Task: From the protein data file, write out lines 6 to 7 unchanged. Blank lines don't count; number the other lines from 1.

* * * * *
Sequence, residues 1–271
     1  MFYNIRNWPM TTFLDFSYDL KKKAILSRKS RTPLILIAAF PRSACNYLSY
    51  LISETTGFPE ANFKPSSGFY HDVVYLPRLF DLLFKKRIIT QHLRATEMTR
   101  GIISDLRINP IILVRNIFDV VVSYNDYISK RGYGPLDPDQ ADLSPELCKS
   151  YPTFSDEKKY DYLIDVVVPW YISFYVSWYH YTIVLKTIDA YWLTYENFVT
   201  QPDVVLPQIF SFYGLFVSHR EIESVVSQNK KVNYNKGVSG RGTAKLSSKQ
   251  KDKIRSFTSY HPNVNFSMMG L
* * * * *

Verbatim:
   201  QPDVVLPQIF SFYGLFVSHR EIESVVSQNK KVNYNKGVSG RGTAKLSSKQ
   251  KDKIRSFTSY HPNVNFSMMG L